Every church I know is active in its community in offering relief. The Evangelical Fellowship of India (EFI), the Bishops Conference of India and the National Council of Churches in India have declared the coming 7th of May as a day of prayer and fasting for the healing of our nation.
Christian hospitals continue working, to reach out people in need with medical help. Volunteers and Christian organisations are working round the clock to make sure that people get all the help they need: food supplies, medical supplies.
There are groups made overnight, which are making use of social media tools to transform themselves into ‘small armies’ who are directing people to wherever oxygen cylinders and hospital beds are available.
A helpline has been launched where anyone can call and get free medical advice, to know what to do, where to go. A couple of us are also getting ready to launch, with God’s help, an isolation facility which should be equipped with oxygen concentrators. This is a work in progress and a plan we hope will become a reality soon, so that people will have somewhere to go when they are sick.
The churches are reaching out within their capacity. I know of denominations that have made their buildings available to the government an to others. Churches want to spread hope at this time. The blanket of fear in our nation is so real and we are praying that we would be the carriers of the light of hope in this dark time.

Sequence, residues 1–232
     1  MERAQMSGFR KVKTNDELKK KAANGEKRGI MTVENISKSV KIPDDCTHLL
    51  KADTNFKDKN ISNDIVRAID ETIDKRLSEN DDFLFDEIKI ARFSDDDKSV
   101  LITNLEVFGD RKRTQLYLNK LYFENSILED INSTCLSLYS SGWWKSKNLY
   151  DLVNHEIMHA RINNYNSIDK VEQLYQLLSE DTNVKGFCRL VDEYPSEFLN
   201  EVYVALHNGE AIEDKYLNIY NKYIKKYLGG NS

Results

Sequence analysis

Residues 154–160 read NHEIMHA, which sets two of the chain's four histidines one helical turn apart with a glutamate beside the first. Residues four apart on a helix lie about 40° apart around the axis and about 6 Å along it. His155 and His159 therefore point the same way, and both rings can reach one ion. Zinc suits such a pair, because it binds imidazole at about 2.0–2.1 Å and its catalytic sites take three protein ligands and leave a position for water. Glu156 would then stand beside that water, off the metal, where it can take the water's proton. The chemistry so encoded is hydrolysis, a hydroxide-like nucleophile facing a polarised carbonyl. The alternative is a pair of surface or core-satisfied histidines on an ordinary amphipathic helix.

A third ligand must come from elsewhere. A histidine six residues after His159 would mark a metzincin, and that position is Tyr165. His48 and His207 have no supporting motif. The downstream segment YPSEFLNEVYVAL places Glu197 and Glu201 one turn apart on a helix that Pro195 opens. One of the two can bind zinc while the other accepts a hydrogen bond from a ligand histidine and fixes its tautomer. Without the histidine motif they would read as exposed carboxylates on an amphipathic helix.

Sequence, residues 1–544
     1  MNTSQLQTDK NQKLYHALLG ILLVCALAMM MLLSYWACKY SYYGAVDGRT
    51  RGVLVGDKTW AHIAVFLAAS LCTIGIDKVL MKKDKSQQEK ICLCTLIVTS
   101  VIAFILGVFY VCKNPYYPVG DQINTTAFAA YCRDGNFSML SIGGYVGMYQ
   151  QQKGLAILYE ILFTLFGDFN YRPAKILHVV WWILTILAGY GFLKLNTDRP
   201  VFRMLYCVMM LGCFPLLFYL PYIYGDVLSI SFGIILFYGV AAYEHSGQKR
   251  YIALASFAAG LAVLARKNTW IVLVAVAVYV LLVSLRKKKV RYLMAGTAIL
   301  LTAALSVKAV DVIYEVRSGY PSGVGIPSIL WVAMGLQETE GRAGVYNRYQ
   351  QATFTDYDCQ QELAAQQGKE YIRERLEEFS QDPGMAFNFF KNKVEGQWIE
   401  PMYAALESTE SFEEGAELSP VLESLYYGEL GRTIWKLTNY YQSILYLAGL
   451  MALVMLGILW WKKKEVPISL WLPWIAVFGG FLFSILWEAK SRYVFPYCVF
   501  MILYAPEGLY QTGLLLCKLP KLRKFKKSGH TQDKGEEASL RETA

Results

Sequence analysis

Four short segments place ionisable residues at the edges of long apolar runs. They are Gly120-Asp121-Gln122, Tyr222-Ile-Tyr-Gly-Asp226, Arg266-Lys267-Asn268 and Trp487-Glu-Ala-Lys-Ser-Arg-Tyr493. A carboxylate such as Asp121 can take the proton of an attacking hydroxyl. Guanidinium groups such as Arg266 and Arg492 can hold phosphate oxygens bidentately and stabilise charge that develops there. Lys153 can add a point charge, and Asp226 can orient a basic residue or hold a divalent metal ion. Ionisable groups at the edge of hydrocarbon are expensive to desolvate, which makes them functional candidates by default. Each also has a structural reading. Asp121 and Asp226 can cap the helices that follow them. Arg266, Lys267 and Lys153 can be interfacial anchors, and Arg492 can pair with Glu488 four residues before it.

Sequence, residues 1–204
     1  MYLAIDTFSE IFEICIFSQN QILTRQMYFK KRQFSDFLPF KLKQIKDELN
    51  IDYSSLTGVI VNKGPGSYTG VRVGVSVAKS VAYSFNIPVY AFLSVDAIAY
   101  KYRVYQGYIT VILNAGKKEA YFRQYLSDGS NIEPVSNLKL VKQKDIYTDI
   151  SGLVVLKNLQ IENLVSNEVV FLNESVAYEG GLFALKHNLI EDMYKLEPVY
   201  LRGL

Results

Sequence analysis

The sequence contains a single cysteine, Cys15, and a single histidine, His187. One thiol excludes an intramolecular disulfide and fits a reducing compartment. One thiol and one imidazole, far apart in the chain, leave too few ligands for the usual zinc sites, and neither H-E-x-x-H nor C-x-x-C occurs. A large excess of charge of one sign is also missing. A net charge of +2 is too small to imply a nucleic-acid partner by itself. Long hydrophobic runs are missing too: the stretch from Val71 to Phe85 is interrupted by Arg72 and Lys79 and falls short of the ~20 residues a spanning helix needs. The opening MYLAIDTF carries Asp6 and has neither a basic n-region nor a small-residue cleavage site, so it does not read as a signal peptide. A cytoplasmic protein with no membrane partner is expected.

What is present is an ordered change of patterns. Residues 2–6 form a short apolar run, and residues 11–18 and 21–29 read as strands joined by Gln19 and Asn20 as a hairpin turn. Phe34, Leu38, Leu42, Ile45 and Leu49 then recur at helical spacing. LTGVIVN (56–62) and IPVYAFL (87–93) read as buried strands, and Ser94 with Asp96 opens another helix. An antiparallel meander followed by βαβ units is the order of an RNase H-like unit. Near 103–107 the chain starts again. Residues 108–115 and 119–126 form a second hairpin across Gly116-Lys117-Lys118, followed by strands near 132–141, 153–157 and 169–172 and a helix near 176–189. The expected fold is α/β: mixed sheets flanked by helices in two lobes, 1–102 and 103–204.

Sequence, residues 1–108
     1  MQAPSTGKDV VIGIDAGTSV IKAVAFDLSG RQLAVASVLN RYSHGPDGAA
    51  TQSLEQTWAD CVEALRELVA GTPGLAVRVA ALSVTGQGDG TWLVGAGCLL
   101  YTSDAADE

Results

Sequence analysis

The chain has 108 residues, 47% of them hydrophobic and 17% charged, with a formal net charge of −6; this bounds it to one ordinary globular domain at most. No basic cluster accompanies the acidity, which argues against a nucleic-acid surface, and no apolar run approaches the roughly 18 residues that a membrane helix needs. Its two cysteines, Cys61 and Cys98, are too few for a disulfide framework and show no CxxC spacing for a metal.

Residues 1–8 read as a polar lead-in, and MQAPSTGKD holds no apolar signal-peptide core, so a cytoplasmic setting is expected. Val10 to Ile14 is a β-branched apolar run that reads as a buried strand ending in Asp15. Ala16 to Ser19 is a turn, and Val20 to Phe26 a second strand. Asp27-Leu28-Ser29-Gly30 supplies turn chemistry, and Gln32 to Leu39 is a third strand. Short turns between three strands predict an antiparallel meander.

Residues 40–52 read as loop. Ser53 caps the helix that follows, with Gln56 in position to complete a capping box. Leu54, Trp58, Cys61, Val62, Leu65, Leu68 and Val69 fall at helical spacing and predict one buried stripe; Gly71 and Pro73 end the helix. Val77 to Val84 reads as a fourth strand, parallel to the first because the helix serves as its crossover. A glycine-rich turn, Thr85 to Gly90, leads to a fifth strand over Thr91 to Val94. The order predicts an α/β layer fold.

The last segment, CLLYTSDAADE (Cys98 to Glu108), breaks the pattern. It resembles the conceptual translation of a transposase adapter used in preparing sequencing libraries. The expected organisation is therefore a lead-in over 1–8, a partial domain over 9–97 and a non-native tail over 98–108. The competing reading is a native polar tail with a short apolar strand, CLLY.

Q. How can Christians in other countries pray for India?
A. Please pray that India would soon recover from this second wave of Covid-19. Please pray for authorities, the Prime Minister. Pray for the rest of ministers, the chief ministers of area states of India, their advisors and the government in general. That God would give them wisdom, so that they could govern this country in a way that would really bring relief to the people.
Pray that God gives them strength and courage at this time, a heart of compassion with which to take decisions and formulate policies.
Pray specially for our healthcare workers. They are at the forefront of this fight against Covid-19. They also have families. They are human beings and they are so exhausted. Please pray that they would be protected and guided by God. Pray for the hospital infrastructure of our country. There is an oxygen shortage. And pray for a better infrastructure of oxygen supply in India, people will only survive if they get oxygen.